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From: 陈智昌 <willchan@chromium.org>
Date: Tue, 26 Feb 2013 20:03:25 -0800
Message-ID: <CAA4WUYiaZ6ftTePFiMkJ5y4rBd2eXjnrzk1c24-VYqAEe0ystw@mail.gmail.com>
To: Roberto Peon <grmocg@gmail.com>
Cc: Amos Jeffries <squid3@treenet.co.nz>, HTTP Working Group <ietf-http-wg@w3.org>
Probably my fault :) My understanding of the thread in respect to this
particular point
* Martin is proposing combining SYN_STREAM+SYN_REPLY+HEADERS into a single
HEADERS frame.
  - single HEADERS frame might contain priority
  - otherwise, we need a PRIORITIZE frame
* I want the initial stream frame (whether it be HEADERS or SYN_STREAM) to
contain a priority.
* Furthermore, I find it weird for subsequent frames carrying the header
name/value block to *also* carry a priority. This is what I objected to as
"tight coupling" of priority with headers name/value blocks in all
HEADERS-esque frames.
  - This somewhat implies we should use separate frames.
* I believe Amos read my statement as arguing against stream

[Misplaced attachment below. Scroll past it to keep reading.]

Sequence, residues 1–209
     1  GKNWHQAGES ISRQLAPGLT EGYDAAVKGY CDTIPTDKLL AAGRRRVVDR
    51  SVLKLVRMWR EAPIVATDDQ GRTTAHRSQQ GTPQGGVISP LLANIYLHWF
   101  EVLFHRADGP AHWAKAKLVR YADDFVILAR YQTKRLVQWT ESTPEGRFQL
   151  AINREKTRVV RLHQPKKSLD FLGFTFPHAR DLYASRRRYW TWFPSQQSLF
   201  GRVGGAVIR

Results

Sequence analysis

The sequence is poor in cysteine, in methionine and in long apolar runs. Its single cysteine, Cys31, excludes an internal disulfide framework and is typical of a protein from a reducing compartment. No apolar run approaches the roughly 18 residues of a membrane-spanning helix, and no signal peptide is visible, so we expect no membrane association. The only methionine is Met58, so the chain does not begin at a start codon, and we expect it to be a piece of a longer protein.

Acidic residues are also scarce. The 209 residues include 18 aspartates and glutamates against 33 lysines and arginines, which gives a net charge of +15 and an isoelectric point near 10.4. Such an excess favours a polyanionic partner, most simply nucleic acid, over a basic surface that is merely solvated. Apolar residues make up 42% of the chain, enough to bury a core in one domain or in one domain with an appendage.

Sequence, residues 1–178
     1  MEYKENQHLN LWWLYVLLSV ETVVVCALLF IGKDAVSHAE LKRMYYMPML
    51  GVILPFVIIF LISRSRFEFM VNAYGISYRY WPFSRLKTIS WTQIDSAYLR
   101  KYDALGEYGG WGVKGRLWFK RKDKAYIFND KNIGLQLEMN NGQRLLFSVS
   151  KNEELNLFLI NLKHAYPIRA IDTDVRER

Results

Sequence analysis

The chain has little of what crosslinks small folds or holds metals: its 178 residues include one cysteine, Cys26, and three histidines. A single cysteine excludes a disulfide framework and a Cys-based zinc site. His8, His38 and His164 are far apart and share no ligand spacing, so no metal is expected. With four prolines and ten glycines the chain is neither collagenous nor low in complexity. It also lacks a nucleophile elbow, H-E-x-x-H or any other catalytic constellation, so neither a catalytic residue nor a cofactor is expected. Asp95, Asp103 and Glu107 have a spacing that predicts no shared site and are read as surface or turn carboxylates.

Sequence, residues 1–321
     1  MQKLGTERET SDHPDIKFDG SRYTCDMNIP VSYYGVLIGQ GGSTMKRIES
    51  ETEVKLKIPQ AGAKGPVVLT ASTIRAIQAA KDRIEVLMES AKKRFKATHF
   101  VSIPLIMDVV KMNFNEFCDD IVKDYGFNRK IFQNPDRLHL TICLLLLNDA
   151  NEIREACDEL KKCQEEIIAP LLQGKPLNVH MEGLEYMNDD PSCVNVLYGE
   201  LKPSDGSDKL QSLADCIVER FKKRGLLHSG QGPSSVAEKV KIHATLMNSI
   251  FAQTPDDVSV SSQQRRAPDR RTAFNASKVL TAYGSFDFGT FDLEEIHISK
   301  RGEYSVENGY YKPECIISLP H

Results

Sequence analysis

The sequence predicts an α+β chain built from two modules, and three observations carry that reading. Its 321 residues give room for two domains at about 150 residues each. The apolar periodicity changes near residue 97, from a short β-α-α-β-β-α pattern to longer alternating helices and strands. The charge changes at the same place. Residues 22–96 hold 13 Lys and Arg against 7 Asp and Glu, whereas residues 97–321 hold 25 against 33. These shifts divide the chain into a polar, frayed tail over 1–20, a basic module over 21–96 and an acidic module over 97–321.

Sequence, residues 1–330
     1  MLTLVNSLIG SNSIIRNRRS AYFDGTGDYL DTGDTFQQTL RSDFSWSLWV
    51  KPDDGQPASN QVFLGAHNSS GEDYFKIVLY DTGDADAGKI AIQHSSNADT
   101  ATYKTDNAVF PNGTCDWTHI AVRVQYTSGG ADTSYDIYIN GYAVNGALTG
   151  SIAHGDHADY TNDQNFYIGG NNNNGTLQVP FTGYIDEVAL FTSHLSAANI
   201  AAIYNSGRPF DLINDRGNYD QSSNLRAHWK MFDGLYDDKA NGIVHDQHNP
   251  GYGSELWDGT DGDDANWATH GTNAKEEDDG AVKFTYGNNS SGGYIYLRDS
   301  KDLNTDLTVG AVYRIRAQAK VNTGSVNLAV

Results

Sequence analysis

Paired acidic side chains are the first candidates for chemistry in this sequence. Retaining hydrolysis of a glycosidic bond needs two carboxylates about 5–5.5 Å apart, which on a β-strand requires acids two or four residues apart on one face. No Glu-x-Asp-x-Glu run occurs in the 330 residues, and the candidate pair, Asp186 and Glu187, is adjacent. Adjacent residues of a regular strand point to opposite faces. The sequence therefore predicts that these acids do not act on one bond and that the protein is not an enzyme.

reprioritization over its lifetime. As I've previously said on this mailing
list, I am in favor of experimenting with stream reprioritization.

On Tue, Feb 26, 2013 at 7:53 PM, Roberto Peon <grmocg@gmail.com> wrote:

> I'm about as clear as mud about what we're actually talking about now :)
> -=R
> On Tue, Feb 26, 2013 at 7:49 PM, William Chan (陈智昌) <willchan@chromium.org
> > wrote:
>> On Tue, Feb 26, 2013 at 7:37 PM, Amos Jeffries <squid3@treenet.co.nz>wrote:
>>> On 27/02/2013 2:19 p.m., William Chan (陈智昌) wrote:
>>>> On Tue, Feb 26, 2013 at 4:15 PM, Martin Thomson <
>>>> martin.thomson@gmail.com <mailto:martin.thomson@gmail.**com<martin.thomson@gmail.com>>>
>>>> wrote:
>>>>     On 25 February 2013 20:42, William Chan (陈智昌)
>>>>     <willchan@chromium.org <mailto:willchan@chromium.org>**> wrote:
>>>>     > Fully agreed it's more general. I think that unless we go all
>>>>     the way with
>>>>     > ditching SYN_STREAM too (which I disagree with), then I think
>>>>     it's a net
>>>>     > loss (primarily due to more difficulty in grokking the spec) to
>>>>     save a frame